Normalcy bias, or normality bias, is a cognitive bias which leads people to disbelieve or minimize threat warnings. Consequently, individuals underestimate the likelihood of a disaster, when it might affect them, and its potential adverse effects. The normalcy bias causes many people to not adequately prepare for natural disasters, pandemics, and calamities caused by human error. About 70% of people reportedly display normalcy bias during a disaster.
Normalcy bias has also been called analysis paralysis, the ostrich effect, and by first responders, the negative panic. The opposite of normalcy bias is overreaction, or worst-case scenario bias, in which small deviations from normality are dealt with as signals of an impending catastrophe.
About 70% of people reportedly display normalcy bias in disasters. Normalcy bias has been described as “one of the most dangerous biases we have”. The lack of preparation for disasters often leads to inadequate shelter, supplies, and evacuation plans. Even when all these things are in place, individuals with a normalcy bias often refuse to leave their homes.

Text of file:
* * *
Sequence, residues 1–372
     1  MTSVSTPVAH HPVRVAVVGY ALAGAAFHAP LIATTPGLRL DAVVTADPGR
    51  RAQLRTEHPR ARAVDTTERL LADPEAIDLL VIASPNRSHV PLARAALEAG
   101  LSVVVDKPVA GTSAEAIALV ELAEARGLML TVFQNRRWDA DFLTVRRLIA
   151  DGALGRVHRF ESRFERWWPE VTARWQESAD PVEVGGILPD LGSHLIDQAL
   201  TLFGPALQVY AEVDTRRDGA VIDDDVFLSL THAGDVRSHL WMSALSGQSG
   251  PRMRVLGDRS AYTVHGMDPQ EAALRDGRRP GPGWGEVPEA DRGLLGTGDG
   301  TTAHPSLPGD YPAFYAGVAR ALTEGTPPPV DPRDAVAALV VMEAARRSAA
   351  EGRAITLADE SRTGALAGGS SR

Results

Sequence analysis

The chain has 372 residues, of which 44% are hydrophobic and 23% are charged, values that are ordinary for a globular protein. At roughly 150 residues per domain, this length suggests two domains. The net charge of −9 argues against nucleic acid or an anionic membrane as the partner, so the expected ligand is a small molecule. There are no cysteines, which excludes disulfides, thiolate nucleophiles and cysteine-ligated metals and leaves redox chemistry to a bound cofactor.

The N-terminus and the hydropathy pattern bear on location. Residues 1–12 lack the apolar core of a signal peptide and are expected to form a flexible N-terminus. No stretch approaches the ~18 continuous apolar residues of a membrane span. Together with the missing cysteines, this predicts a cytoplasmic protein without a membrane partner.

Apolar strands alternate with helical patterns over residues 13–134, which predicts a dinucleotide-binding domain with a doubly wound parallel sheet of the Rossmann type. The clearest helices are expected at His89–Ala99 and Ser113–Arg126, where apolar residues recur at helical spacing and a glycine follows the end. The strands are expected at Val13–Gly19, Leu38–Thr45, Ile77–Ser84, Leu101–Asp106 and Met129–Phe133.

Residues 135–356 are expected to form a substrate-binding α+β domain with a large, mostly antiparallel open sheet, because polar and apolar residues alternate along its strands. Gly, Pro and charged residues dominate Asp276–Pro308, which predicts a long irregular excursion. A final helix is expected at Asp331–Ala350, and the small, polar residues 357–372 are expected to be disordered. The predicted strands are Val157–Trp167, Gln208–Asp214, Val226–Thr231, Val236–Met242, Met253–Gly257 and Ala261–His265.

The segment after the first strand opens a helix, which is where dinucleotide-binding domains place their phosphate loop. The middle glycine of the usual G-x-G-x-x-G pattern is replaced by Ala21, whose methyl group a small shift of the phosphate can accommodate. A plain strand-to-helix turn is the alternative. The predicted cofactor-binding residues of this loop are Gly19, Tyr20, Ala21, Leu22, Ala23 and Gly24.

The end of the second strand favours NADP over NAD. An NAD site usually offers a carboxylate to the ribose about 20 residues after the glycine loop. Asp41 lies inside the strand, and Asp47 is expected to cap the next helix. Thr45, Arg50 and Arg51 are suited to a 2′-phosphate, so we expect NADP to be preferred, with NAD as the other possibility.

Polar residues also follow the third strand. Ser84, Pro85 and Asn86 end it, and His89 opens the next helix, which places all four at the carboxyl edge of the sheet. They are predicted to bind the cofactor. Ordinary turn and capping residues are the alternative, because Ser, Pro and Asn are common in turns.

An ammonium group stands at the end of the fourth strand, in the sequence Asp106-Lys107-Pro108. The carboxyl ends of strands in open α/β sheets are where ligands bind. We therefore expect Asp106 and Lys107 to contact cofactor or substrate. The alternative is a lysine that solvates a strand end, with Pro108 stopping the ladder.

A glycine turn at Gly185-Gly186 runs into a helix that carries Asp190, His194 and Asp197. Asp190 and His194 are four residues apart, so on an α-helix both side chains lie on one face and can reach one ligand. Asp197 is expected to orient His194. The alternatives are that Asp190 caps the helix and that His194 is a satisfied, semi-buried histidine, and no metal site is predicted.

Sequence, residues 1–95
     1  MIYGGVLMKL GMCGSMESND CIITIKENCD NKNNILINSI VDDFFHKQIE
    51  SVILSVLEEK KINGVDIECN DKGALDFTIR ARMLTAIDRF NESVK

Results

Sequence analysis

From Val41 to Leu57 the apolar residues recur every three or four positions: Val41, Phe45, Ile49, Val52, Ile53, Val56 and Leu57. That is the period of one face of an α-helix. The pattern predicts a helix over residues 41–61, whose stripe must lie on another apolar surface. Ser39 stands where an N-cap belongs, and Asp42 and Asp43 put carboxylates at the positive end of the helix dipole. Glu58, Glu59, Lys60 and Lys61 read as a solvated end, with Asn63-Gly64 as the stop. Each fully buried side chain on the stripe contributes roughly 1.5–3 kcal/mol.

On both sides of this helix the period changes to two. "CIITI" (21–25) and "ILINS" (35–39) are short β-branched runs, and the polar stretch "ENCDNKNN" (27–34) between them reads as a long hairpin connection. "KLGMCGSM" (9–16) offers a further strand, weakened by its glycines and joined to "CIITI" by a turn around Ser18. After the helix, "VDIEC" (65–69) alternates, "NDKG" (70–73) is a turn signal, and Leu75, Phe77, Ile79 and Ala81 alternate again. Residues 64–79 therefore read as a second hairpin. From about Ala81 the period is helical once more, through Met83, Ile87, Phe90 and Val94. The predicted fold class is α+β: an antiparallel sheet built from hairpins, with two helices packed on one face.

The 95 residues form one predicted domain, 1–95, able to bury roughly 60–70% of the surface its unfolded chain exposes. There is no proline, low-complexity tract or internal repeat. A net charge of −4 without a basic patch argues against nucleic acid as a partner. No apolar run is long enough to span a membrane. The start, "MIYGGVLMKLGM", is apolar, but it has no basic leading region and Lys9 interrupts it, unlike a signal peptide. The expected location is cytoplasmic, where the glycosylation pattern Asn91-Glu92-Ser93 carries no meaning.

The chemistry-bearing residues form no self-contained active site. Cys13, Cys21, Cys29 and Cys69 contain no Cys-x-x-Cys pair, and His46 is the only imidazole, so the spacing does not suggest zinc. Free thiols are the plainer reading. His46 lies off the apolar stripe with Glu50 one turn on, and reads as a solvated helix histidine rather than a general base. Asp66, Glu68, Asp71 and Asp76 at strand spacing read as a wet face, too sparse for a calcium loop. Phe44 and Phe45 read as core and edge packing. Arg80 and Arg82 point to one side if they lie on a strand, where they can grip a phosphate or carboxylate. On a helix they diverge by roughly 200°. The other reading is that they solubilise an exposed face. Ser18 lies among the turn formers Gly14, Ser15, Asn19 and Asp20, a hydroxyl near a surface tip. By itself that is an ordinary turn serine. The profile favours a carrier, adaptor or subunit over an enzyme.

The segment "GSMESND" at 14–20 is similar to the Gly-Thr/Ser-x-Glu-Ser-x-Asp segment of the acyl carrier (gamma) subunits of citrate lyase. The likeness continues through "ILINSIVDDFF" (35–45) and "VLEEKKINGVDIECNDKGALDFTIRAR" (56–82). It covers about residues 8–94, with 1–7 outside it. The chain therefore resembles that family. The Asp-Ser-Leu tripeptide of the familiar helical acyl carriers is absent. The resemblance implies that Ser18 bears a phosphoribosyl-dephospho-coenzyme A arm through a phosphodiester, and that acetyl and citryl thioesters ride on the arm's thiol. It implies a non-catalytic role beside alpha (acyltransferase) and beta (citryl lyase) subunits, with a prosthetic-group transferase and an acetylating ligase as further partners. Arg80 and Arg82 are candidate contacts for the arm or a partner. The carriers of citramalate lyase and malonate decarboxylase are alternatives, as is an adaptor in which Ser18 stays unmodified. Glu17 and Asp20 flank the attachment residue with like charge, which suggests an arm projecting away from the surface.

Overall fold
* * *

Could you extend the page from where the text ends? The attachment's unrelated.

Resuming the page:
Normalcy bias can cause people to drastically underestimate the effects of the disaster. Therefore, people think that they will be safe even though information from the radio, television, or neighbors gives them reasons to believe there is a risk. The normalcy bias creates a cognitive dissonance that people then must work to eliminate. Some manage to eliminate it by refusing to believe new warnings coming in and refusing to evacuate (maintaining the normalcy bias), while others eliminate the dissonance by escaping the danger. The possibility that some people may refuse to evacuate causes significant problems in disaster planning.
The negative effects of normalcy bias can be combated through the four stages of disaster response:
- preparation, including publicly acknowledging the possibility of disaster and forming contingency plans.
- warning, including issuing clear, unambiguous, and frequent warnings and helping the public to understand and believe them.
- impact, the stage at which the contingency plans take effect and emergency services, rescue teams, and disaster relief teams work in tandem.
- aftermath, reestablishing equilibrium after the fact, by providing both supplies and aid to those in need.
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